Different lengths of StAR mRNAs have been reported in most species examined thus far. In some species, the difference in length can be attributable to the difference in the length of 3′-UTR (Fleury et al., 1998; Kerban et al., 1999). In bovine and rat StAR, multiple polyadenylation signals were found in the 3′-UTR, and it was suggested that different transcript sizes might represent the differential use of polyadenylation signals (Hartung et al., 1995; Pilon et al., 1997). In this study, two StAR transcripts differing in the length of 3′-UTR were identified in the eel. Since the longer mRNA contained two possible polyadenylation signals, while the shorter one lacks the first polyadenylation signal found in the longer one. This indicates that the shorter one was not generated by the use of the first polyadenylation signal. It is quite possible that the two mRNAs were generated by the alternative splicing from the same StAR gene, although we cannot exclude the possibility that they were encoded by different genes. The expression of the two StAR transcripts differed profoundly among eel individuals (Fig. 6). The reason and possible biological significance of two types of transcripts remain unknown.

Fig. 6

Comparison of the two different StAR transcripts in freshwater- and seawater-transferred eels. The expression of the two different StAR transcripts in the head kidney was examined by RT-PCR using primers S2 and A4 (Fig. 1), which could amplify the two transcripts with different length of 3′-UTR. Among the 18 fresh water and seawater-transferred eels examined, a band corresponding to the 1451 bp transcript was detected in 1 eel (lane 1), that corresponding to the 1111 bp transcript was detected in 13 eels (lane 2), both bands were detected in 4 eels (lane 3). M: 123 bp DNA marker.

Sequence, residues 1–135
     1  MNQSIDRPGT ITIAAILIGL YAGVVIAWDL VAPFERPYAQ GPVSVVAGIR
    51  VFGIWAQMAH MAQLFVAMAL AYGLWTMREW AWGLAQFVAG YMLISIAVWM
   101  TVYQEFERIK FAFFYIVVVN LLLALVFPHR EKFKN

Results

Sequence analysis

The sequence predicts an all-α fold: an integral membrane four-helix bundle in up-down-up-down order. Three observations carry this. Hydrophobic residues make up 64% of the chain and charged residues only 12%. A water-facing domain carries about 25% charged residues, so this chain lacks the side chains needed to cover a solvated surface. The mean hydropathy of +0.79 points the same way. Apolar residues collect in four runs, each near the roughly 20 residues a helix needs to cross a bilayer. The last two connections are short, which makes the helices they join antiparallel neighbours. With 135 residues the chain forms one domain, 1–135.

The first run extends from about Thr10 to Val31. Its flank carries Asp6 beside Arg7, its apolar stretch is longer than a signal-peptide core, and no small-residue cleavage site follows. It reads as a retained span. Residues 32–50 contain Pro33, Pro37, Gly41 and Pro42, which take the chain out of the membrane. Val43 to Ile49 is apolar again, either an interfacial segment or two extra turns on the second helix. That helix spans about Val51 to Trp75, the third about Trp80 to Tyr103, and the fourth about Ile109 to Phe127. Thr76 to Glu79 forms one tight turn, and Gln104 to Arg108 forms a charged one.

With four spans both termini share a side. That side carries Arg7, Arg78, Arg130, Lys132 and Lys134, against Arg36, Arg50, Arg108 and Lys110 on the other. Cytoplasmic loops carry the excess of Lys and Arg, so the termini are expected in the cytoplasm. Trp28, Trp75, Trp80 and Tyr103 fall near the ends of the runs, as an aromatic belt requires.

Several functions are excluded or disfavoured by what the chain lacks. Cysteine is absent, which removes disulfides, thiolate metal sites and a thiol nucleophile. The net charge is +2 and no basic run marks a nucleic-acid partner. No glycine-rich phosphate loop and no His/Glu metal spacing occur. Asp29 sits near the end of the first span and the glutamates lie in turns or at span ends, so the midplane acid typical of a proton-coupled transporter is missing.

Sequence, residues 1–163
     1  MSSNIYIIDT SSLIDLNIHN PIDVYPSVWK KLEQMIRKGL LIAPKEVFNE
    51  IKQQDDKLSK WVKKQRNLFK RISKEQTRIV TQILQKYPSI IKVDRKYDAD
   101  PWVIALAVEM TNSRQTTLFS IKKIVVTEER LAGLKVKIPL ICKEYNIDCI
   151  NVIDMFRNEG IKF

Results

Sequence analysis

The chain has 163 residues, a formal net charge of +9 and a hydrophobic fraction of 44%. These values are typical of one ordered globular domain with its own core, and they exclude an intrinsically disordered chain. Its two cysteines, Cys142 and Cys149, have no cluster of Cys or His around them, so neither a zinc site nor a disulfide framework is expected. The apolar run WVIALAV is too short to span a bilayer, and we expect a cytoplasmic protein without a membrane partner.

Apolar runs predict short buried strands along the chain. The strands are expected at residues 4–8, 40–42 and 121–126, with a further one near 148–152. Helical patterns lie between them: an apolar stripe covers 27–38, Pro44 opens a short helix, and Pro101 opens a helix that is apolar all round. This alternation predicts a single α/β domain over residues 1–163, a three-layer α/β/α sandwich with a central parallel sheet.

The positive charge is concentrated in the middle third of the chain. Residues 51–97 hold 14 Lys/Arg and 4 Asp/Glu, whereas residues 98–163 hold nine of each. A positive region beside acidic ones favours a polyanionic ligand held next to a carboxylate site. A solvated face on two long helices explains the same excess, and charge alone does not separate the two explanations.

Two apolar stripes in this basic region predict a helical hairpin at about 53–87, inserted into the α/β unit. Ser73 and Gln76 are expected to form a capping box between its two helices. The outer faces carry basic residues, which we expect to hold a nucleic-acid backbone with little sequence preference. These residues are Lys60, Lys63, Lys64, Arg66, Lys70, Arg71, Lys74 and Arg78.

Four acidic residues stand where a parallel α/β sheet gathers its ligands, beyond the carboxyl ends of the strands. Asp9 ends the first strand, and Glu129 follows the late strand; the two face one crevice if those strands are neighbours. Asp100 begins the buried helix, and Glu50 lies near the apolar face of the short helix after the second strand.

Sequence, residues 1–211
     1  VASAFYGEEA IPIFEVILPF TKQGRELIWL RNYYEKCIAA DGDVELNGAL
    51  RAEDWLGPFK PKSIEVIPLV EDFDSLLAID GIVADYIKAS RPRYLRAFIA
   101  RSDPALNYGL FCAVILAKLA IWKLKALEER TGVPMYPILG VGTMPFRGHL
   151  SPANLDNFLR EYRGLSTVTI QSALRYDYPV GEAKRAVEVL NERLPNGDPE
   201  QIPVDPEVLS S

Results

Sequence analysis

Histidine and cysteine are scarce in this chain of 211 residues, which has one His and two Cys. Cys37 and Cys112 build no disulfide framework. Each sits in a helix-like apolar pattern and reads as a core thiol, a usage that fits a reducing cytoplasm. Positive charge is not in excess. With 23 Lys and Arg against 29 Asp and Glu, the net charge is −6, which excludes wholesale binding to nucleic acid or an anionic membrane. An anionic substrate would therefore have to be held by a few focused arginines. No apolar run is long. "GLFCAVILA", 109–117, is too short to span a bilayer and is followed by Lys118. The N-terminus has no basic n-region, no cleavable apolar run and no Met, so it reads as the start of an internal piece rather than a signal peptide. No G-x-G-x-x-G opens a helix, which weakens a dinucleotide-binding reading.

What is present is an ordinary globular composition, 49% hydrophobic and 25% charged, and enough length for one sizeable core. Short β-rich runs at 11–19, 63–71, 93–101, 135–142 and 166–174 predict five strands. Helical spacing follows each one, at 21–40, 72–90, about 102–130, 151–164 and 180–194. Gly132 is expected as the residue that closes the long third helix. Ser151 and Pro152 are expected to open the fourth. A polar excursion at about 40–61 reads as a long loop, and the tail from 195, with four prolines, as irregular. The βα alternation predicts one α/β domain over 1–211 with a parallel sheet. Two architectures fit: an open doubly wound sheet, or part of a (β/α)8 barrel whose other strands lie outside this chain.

i0289-0003-20-2-211-f06.gif

In non-mammalian vertebrates, the induction of StAR expression by trophic hormones has not yet been demonstrated except for an in vitro study using the follicular cells of the hen (Johnson and Bridgham, 2001). In this study, we showed that both plasma cortisol and StAR mRNA levels in the head kidney were significantly enhanced at 1.5 and 4.5 hr after ACTH injection. The close relationship between the increase of StAR expression and cortisol production strongly suggests that StAR is involved in the ACTH-induced cortisol production in eels as has been demonstrated in mammals (Kim et al., 1997; Stocco, 2001). At present, although we do not know the StAR mRNA content in the head kidney at 0.5 hr after ACTH injection, the results showed that the StAR mRNA content increased from 1.5 to 4.5 hr after ACTH injection. These results are, to some extent, similar to those in mammals, where peak increase of StAR mRNA levels usually occurred at 3–6 hr after ACTH treatment (LeHoux et al., 1998; Le Roy et al., 2000). Since the plasma cortisol level increased immediately after ACTH injection (within 0.5 hr, Fig. 4), it seems that the transcriptional and translational regulation of StAR may not be directly involved in the initial acute cortisol production as observed in rats, where the expression of StAR mRNA and protein was delayed after the peak increase in plasma corticosterone concentration (Ariyoshi et al., 1998). Epstein and Orme-Johnson (1991) proposed that a labile pool of StAR could be responsible for this acute mediation. It is also possible that redistribution of StAR rather than its net synthesis is critical for the steroido-genesis (Ariyoshi et al., 1998).